Thus did the war begin; and each side did to the other as much harm as they could, by sea and by land. The Franks and the Greeks fought often; but never did they fight, let God be praised therefor I that the Greeks did not lose more than the Franks. So the war lasted a long space, till the heart of the winter.

Then the Greeks bethought themselves of a very great device, for they took seven large ships, and filled them full of big logs, and shavings, and tow, and resin, and barrels, and then waited until such time as the wind should blow strongly from their side of the straits. And one night, at midnight, they set fire to the ships, and unfurled their sails to the wind. And the flames blazed up high, so that it seemed as if the whole world were a-fire. Thus did the burning ships come towards the fleet of the pilgrims; and a great cry arose in the host, and all sprang to arms on every side. The Venetians ran to their ships, and so did all those who had ships in possession, and they began to draw them away out of the flames very vigorously. And to this bears witness Geoffry the Marshal of Champagne, who dictates this work, that never did people help themselves better at sea than the Venetians did that night; for they sprang into the galleys and boats belonging to the ships, and seized upon the fire ships, all burning as they were, with hooks, and dragged them by main force before their enemies, outside the port, and set them into the current of the straits, and left them to go burning down the straits. So many of the Greeks had come down to the shore that they were without end and innumerable, and their cries were so great that it seemed as if the earth and sea would melt together. They got into barges and boats, and shot at those on our side who were battling with the flames, so that some were wounded.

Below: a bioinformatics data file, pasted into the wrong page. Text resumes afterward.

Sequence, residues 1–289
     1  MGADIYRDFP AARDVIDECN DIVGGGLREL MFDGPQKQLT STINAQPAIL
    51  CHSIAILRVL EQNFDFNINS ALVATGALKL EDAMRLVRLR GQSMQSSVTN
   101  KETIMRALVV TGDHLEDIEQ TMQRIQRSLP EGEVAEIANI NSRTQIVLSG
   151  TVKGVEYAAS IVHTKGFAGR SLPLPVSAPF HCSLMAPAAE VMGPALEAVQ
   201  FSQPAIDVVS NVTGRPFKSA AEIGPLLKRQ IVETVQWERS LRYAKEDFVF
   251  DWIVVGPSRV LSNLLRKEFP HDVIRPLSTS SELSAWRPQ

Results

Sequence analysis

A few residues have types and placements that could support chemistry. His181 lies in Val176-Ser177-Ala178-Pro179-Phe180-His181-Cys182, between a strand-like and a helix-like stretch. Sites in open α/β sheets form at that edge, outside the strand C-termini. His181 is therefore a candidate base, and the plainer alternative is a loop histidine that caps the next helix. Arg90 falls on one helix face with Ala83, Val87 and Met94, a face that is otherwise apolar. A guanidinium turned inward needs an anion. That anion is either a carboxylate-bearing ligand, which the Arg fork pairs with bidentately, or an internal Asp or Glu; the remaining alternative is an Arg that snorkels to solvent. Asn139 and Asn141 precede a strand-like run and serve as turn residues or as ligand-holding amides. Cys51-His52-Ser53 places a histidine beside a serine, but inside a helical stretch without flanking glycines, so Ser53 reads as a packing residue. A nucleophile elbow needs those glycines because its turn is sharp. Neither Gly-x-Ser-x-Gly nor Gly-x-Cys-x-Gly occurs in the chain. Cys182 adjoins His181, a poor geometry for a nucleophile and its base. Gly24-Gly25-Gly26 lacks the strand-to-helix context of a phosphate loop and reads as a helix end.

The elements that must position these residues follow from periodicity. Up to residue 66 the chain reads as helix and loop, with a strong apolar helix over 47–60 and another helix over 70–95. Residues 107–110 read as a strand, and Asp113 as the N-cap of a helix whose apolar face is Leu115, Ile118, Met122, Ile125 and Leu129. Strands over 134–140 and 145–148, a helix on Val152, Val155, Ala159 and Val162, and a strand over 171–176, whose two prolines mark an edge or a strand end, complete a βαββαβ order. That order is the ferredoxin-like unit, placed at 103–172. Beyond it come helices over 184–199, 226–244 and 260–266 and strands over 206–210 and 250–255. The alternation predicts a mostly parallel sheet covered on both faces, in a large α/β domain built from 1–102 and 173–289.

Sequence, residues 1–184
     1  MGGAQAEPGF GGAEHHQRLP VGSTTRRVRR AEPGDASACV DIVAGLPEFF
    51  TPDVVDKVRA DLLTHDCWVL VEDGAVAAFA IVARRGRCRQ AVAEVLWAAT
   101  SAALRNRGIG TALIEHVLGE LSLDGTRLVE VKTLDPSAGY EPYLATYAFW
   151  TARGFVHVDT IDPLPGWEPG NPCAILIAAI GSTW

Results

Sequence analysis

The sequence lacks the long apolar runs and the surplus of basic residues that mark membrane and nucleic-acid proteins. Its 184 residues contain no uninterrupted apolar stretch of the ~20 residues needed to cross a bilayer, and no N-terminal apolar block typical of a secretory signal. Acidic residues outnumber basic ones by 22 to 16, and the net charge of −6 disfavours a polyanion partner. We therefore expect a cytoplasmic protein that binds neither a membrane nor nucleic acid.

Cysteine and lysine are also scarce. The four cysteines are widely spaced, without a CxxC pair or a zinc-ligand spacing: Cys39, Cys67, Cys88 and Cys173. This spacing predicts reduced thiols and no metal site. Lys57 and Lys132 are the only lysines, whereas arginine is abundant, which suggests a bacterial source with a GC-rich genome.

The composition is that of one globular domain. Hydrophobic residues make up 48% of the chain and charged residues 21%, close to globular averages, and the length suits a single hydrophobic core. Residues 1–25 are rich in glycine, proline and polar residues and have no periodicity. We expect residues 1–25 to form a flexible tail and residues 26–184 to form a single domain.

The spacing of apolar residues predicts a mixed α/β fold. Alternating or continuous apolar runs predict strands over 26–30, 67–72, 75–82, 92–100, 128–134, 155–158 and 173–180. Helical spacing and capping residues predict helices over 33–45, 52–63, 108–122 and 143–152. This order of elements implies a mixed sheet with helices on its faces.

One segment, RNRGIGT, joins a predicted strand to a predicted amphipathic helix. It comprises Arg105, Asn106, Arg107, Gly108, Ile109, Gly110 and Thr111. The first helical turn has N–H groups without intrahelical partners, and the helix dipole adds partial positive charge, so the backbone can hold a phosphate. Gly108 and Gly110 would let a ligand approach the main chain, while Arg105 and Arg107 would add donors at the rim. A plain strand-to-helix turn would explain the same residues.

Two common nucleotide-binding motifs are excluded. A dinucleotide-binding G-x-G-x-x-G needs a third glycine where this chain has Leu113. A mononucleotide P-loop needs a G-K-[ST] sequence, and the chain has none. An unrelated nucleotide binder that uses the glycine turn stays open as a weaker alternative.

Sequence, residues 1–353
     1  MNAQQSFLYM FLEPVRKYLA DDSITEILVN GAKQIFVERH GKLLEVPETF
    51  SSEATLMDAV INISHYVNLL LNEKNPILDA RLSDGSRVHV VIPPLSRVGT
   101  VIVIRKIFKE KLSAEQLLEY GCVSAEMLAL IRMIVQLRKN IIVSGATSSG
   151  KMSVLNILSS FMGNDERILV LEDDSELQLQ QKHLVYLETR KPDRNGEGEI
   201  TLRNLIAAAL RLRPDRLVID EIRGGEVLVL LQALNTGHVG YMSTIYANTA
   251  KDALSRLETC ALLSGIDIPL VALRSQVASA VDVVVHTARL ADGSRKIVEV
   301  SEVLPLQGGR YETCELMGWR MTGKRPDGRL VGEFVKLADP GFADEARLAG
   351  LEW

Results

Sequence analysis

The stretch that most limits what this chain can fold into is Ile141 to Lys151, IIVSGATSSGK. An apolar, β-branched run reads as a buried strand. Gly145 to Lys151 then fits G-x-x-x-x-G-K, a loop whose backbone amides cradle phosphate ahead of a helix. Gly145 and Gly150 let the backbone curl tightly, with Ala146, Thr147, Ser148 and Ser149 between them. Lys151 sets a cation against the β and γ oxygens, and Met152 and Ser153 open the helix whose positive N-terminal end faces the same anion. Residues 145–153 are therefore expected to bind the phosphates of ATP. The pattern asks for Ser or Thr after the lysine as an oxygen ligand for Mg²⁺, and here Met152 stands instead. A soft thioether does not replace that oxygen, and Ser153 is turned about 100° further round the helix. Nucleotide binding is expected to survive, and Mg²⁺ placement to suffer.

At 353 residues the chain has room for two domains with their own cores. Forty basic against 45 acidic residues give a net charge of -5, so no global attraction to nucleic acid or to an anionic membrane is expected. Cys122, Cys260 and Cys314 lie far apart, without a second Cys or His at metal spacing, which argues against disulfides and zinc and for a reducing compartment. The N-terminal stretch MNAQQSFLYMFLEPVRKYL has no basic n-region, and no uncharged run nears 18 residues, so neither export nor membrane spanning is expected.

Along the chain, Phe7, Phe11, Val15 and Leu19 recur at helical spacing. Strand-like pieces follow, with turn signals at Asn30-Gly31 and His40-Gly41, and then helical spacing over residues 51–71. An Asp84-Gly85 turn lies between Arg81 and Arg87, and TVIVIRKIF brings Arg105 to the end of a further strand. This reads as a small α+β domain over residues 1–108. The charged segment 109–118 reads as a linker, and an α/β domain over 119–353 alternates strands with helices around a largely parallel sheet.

All the knights of the host, as soon as they heard the clamour, armed themselves; and the battalions marched out into the plain, each according to the order in which they had been quartered, for they feared lest the Greeks should also attack them on land.

They endured thus in labour and anguish till daylight; but by God's help those on our side lost nothing, save a Pisan ship, which was full of merchandise, and was burned with fire. Deadly was the peril in which we stood that night, for if the fleet had been consumed, all would have been lost, and we should never have been able to get away by land or sea. Such was the guerdon which the Emperor Alexius would have bestowed upon us in return for our services.